Misguided precedent is not a reason to use permuted blocks.

Headache The Journal of Head and Face Pain (Impact Factor: 3.19). 07/2006; 46(7):1210-2. DOI: 10.1111/j.1526-4610.2006.00517_2.x
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    ABSTRACT: Large multicenter acute stroke trials demand a randomization procedure with a high level of treatment allocation randomness, an effective control on overall and within-site imbalances, and a minimized time delay of study treatment caused by the randomization procedure. Driven by the randomization algorithm design of A Study of the Efficacy and Safety of Activase (Alteplase) in Patients with Mild Stroke (PRISMS) (NCT02072226), this paper compares operational and statistical properties of different randomization algorithms in local, central, and step-forward randomization settings. Results show that the step-forward randomization with block urn design provides better performances over others. If the concern on the potential time delay is not serious and a central randomization system is available, the minimization method with an imbalance control threshold and a biased coin probability could be a better choice.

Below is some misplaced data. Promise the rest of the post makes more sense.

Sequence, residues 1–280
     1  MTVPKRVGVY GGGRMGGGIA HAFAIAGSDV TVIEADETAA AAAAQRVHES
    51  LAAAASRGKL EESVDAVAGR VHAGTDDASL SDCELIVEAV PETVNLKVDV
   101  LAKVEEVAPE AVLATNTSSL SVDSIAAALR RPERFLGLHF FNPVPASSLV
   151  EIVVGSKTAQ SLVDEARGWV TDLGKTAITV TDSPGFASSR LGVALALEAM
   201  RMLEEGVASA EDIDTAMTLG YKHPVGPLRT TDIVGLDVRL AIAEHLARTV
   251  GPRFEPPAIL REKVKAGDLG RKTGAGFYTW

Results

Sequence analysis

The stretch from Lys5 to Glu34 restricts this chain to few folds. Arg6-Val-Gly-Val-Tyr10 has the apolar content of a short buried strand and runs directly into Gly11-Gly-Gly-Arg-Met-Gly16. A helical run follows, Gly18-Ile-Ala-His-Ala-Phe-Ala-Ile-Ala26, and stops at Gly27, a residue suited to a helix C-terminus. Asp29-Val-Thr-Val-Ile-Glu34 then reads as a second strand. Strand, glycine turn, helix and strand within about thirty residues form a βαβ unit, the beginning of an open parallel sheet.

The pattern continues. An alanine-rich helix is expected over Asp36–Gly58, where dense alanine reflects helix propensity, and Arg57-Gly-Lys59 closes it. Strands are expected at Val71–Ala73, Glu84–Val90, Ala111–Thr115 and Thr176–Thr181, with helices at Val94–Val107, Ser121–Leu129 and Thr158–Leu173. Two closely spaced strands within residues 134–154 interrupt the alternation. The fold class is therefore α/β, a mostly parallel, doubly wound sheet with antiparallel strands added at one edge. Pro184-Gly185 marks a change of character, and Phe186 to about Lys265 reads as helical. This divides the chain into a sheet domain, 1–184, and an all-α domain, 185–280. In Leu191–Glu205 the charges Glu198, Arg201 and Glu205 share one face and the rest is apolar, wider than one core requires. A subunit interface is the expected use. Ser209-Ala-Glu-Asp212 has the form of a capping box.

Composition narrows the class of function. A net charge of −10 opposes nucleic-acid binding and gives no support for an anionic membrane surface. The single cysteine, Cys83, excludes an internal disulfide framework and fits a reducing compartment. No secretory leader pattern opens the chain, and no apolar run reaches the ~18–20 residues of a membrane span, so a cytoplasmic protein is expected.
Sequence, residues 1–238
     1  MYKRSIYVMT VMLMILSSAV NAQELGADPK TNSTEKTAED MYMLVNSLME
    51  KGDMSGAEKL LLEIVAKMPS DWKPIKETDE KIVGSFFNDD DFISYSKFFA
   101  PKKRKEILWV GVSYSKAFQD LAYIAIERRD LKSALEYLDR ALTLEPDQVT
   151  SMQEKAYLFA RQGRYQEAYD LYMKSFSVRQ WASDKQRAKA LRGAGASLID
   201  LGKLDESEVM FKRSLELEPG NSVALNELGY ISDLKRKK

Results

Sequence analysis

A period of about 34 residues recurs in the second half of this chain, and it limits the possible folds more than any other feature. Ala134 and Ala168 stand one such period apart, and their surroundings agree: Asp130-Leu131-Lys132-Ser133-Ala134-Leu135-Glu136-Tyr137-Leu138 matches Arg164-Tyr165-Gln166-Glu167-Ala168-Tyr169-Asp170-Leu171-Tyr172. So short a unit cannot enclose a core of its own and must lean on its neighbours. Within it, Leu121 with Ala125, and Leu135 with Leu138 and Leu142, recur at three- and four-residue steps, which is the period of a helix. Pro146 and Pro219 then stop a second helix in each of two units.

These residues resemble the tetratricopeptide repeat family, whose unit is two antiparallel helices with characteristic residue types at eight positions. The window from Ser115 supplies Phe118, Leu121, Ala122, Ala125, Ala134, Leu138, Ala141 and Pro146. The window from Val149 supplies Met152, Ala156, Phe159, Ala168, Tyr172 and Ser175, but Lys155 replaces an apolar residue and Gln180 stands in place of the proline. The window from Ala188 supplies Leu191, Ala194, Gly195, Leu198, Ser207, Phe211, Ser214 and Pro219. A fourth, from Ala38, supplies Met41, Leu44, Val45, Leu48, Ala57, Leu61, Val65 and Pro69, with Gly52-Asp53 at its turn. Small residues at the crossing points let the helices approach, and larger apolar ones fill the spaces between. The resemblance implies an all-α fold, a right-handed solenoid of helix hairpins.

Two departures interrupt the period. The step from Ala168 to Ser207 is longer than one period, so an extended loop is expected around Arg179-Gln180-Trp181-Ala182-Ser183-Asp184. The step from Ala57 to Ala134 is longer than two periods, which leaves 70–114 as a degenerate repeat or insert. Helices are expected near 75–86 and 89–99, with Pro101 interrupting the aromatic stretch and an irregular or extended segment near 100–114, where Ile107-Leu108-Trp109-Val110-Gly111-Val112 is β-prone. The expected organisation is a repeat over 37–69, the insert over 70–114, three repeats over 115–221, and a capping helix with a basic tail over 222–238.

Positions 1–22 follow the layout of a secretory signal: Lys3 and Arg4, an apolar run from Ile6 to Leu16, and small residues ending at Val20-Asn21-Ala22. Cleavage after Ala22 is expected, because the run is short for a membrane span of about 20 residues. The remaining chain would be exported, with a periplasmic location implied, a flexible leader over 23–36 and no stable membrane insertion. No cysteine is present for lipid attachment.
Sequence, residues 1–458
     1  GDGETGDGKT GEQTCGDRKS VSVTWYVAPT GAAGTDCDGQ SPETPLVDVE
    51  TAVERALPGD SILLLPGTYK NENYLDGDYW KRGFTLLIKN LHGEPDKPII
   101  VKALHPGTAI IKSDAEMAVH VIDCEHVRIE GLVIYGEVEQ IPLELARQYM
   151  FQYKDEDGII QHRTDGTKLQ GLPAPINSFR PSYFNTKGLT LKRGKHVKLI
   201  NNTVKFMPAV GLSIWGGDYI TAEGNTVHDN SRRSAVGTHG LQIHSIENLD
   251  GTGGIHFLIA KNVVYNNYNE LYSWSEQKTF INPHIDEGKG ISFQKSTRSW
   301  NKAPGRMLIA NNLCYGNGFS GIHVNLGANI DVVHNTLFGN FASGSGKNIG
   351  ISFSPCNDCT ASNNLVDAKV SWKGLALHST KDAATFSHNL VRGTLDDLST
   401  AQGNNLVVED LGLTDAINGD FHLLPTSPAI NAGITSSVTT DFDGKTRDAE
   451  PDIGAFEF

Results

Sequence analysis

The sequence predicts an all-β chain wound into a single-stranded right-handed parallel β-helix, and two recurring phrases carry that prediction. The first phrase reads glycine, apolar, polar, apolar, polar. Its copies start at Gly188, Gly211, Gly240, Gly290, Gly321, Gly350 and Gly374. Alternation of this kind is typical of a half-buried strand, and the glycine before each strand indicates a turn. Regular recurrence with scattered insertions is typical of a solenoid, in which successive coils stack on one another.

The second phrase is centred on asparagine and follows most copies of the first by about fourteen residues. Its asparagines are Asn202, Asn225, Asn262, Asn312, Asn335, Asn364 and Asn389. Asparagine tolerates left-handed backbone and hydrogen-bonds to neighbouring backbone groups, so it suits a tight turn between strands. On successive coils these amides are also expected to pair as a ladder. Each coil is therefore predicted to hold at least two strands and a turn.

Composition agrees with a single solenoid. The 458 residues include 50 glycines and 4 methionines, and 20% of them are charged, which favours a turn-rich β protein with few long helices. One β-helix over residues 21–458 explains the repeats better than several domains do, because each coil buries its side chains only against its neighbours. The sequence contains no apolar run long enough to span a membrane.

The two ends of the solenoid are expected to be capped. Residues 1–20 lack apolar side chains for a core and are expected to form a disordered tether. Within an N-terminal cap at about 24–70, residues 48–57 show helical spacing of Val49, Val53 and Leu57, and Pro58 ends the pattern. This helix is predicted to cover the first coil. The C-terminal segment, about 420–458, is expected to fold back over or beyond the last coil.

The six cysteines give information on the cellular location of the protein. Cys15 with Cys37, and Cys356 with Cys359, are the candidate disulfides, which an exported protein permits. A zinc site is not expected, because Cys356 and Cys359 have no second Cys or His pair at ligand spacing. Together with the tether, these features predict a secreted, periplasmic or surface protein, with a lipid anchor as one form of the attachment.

Contemporary Clinical Trials 01/2015; 41. DOI:10.1016/j.cct.2015.01.013
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    ABSTRACT: Stratified permuted block randomization has been the dominant covariate-adaptive randomization procedure in clinical trials for several decades. Its high probability of deterministic assignment and low capacity of covariate balancing have been well recognized. The popularity of this sub-optimal method is largely due to its simplicity in implementation and the lack of better alternatives. Proposed in this paper is a two-stage covariate-adaptive randomization procedure that uses the block urn design or the big stick design in stage one to restrict the treatment imbalance within each covariate stratum, and uses the biased-coin minimization method in stage two to control imbalances in the distribution of additional covariates that are not included in the stratification algorithm. Analytical and simulation results show that the new randomization procedure significantly reduces the probability of deterministic assignments, and improve the covariate balancing capacity when compared to the traditional stratified permuted block randomization. Copyright © 2014 John Wiley & Sons, Ltd.
    Statistics in Medicine 07/2014; 33(30). DOI:10.1002/sim.6266
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    ABSTRACT: Minimization is based on minimizing an imbalance function defined in terms of one or more covariates. Standard (non-adaptive) randomization procedures, on the other hand, generally do not specify or try to minimize an imbalance function. However, it turns out that they may be formulated in this manner. Doing so places adaptive and standard randomization procedures within the same framework, and also suggests novel randomization procedures that combine the best elements of both. Published by Elsevier Inc.
    Contemporary clinical trials 10/2013; 36(2). DOI:10.1016/j.cct.2013.09.017